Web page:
Federal Court Considers Oklahoma Shariah Ban

Let our journalists help you make sense of the noise: Subscribe to the Mother Jones Daily newsletter and get a recap of news that matters.


On Monday, the 10th Circuit Court of Appeals began hearings on a constitutional challenge to Oklahoma’s ban on Shariah law.

The amendment to the state’s constitution was approved by popular vote—more than 70 percent of Oklahomans voted for it. But although singling out Muslims for official disapproval might have been a workable strategy for getting out the vote, it may doom the law in court. Reuters reports:

The panel gave no indication how it would rule, but at least one judge, Scott Matheson, asked why the measure was crafted to apply explicitly to just one religion.

“There’s no mention of any other specific law,” Matheson said in the hearing. “We just have Sharia law singled out.”

Oklahoma Solicitor General Patrick Wyrick replied, “The intent here was to exclude Sharia law and international law.”

Matheson asked, “Why is there any need to mention Sharia law,” to which Wyrick answered: “To avoid confusion.”

Often questions from judges during oral arguments are less about getting information than making a point, and in this case Obama-appointee Matheson (the older brother of Utah Rep. Jim Matheson, a Democrat) seemed to be offering Wyrick a chance to explain the ban’s obvious problems. Instead, Wyrick just reiterated that the law was targeting a particular religion, lest anyone get confused. That’s unusual. Laws explicitly singling out certain religions are rare, precisely because the authors of those laws know that doing poses obvious constitutional problems that could lead to the measures being overturned. In previous cases like this, lawmakers have at least tried to pretend that there was a compelling public interest beyond simply curtailing the religious activities of one particular group. But thanks to the language of the amendment and the public statements of Oklahoma lawmakers, there’s little doubt who the amendment was targeting. 

Oklahoma’s Shariah law ban was called the “Save Our State Amendment,” but only in the most fevered imaginations is Tulsa in danger of being annexed by Islamic extremists. Instead, the ban will simply interfere with the ability of Muslim Oklahomans to execute wills and uphold business contracts drafted according to their religious beliefs. There is no danger of “Shariah” replacing American law. Where religious practices come into contact with civil law, the latter prevails.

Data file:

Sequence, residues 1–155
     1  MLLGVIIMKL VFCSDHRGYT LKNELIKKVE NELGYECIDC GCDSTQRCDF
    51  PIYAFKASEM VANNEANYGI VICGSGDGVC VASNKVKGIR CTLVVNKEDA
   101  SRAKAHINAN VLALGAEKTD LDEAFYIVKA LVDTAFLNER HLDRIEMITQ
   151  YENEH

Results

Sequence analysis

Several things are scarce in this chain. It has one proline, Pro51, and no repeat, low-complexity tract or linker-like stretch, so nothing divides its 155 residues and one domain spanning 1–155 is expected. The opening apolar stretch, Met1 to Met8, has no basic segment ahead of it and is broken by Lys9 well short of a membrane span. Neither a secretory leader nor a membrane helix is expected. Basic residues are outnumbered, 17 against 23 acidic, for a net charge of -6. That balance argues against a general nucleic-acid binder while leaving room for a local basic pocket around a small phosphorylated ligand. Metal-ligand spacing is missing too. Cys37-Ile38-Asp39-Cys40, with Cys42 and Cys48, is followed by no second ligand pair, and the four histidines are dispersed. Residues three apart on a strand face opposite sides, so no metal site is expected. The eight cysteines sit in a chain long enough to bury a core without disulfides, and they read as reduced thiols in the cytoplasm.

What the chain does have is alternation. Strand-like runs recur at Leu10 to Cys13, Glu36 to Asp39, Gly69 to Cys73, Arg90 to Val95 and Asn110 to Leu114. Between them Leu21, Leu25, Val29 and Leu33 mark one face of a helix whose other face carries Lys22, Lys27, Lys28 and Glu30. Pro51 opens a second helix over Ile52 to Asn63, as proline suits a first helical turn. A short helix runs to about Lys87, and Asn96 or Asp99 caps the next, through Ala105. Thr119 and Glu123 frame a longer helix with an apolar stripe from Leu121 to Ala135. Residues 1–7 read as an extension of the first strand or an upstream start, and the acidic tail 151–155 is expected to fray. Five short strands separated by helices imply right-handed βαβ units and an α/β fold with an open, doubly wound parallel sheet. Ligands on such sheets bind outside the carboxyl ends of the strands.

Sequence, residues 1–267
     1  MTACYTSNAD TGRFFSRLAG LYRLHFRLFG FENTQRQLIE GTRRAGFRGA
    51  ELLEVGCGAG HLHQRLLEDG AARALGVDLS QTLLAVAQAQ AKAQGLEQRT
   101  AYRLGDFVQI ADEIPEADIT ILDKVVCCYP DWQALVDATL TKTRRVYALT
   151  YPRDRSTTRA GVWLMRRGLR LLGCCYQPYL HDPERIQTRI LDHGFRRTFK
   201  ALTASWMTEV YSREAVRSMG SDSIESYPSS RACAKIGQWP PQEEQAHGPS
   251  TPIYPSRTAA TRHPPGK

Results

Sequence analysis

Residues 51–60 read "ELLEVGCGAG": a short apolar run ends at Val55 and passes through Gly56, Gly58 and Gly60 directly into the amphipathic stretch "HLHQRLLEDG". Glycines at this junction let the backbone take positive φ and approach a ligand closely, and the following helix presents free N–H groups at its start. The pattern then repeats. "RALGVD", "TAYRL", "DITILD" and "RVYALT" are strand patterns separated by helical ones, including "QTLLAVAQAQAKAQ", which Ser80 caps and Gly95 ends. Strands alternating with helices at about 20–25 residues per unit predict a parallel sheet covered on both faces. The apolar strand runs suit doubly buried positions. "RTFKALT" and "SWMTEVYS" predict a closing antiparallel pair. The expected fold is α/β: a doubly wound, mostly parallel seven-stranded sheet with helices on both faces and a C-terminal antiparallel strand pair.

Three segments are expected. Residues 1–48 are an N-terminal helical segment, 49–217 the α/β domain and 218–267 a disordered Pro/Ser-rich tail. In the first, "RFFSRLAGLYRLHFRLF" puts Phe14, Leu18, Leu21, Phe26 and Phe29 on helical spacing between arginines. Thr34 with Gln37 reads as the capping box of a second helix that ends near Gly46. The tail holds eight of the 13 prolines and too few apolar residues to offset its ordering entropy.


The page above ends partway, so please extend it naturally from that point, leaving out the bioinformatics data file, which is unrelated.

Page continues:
IT'S NOT THAT WE'RE SCREWED WITHOUT TRUMP:

"It's that we're screwed with or without him if we can't show the public that what we do matters for the long term," writes Mother Jones CEO Monika Bauerlein as she kicks off our drive to raise $350,000 in donations from readers by July 17.

This is a big one for us. It's our first time asking for an outpouring of support since screams of FAKE NEWS and so much of what Trump stood for made everything we do so visceral. Like most newsrooms, we face incredibly hard budget realities, and it's unnerving needing to raise big money when traffic is down.

So, as we ask you to consider supporting our team's journalism, we thought we'd slow down and check in about where Mother Jones is and where we're going after the chaotic last several years. This comparatively slow moment is also an urgent one for Mother Jones: You can read more in "Slow News Is Good News," and if you're able to, please support our team's hard-hitting journalism and help us reach our big $350,000 goal with a donation today.

payment methods

IT'S NOT THAT WE'RE SCREWED WITHOUT TRUMP:

"It's that we're screwed with or without him if we can't show the public that what we do matters for the long term," writes Mother Jones CEO Monika Bauerlein as she kicks off our drive to raise $350,000 in donations from readers by July 17.

This is a big one for us. So, as we ask you to consider supporting our team's journalism, we thought we'd slow down and check in about where Mother Jones is and where we're going after the chaotic last several years. This comparatively slow moment is also an urgent one for Mother Jones: You can read more in "Slow News Is Good News," and if you're able to, please support our team's hard-hitting journalism and help us reach our big $350,000 goal with a donation today.

payment methods

We Recommend

Latest

Sign up for our free newsletter

Subscribe to the Mother Jones Daily to have our top stories delivered directly to your inbox.

Get our award-winning magazine

Save big on a full year of investigations, ideas, and insights.

Subscribe

Support our journalism

Help Mother Jones' reporters dig deep with a tax-deductible donation.

Donate